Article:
Harvard Health Letter

Lift weights for diabetes protection

If you can't do aerobics, weights can aid prevention.

You've probably heard that exercise helps to reduce the risk of type 2 diabetes. But you may assume that means you need to perform aerobic exercise that leads to weight loss, and that may seem daunting. Now a study from Harvard and the University of Southern Denmark says that men who do weight training instead can still significantly cut their diabetes risk. "It's great news for people who may not be able to do aerobic activity," says Dr. Eric Rimm, one of the authors of the study and an associate professor of epidemiology and nutrition at the Harvard School of Public Health.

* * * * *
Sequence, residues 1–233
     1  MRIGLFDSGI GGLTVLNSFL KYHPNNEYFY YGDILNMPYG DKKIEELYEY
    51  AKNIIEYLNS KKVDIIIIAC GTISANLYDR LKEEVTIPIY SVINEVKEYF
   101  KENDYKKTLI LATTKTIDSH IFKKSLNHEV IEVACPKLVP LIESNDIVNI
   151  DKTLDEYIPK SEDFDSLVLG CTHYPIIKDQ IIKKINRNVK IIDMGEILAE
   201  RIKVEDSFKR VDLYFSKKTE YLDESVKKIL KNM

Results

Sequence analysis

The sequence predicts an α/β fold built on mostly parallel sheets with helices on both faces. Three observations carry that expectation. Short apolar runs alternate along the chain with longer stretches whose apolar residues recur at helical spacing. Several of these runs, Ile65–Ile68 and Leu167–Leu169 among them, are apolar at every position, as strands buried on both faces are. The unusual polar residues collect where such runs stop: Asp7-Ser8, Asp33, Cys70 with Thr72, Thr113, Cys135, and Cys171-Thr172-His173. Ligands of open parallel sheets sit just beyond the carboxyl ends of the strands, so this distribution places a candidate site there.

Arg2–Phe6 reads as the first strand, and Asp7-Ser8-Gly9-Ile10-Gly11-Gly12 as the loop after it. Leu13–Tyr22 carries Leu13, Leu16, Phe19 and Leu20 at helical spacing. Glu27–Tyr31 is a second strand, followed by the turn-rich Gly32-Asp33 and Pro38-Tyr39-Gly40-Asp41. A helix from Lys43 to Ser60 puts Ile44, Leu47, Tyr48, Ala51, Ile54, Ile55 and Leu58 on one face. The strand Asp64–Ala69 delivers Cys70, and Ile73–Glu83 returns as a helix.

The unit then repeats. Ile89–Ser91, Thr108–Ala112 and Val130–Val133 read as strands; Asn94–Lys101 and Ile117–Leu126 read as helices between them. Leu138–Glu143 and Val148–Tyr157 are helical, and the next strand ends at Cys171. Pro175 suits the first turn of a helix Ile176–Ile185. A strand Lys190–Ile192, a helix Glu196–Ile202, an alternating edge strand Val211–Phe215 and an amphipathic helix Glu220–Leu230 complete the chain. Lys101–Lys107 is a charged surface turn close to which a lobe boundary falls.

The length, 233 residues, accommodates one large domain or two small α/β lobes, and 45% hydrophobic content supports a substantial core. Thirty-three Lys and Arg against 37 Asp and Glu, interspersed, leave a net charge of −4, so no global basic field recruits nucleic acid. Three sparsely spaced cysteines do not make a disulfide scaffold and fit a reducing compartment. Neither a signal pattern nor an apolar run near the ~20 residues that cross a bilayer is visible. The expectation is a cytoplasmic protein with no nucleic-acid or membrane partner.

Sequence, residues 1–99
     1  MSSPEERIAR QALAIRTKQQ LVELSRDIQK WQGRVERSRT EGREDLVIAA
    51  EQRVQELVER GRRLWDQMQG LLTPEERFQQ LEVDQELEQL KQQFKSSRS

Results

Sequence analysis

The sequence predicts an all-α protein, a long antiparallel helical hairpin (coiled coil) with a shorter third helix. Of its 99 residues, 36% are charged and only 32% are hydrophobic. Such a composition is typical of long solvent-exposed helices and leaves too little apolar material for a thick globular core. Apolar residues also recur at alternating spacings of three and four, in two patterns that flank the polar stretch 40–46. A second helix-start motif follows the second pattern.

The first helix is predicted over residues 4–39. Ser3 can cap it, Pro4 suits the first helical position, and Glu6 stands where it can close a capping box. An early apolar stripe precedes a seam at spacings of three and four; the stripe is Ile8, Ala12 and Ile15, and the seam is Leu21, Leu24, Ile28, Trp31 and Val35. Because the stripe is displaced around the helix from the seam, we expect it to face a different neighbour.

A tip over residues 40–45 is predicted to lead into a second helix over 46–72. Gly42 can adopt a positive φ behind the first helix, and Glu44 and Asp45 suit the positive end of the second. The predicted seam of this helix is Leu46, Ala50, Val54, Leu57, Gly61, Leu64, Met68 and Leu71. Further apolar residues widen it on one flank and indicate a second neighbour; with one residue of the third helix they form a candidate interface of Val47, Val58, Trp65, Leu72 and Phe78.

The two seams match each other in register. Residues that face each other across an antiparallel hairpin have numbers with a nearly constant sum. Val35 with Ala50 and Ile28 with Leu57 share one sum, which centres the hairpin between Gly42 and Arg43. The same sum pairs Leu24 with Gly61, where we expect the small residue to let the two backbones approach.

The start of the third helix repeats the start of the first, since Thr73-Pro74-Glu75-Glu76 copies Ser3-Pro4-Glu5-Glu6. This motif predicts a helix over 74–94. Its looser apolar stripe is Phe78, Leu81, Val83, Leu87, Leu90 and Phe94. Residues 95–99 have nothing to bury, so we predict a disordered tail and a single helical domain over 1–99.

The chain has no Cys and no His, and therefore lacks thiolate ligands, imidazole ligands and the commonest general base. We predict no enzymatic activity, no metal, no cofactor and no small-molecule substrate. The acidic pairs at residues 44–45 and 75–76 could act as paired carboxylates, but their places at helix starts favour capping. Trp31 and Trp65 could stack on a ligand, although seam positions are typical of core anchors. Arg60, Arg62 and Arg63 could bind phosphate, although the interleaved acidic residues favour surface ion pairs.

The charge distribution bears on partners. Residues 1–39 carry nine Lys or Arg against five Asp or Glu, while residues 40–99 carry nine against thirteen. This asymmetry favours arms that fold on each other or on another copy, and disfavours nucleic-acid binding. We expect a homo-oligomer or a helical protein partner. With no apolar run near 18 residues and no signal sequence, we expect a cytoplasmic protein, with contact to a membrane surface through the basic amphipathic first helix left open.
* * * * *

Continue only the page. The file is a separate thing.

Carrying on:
How it works

Your body relies on a basic fuel called glucose, which comes from the starches and sugars you eat. A hormone called insulin delivers the glucose from your blood to the cells of your body. But if you don't produce enough insulin or if your cells ignore the insulin, you may develop a condition called type 2 diabetes.

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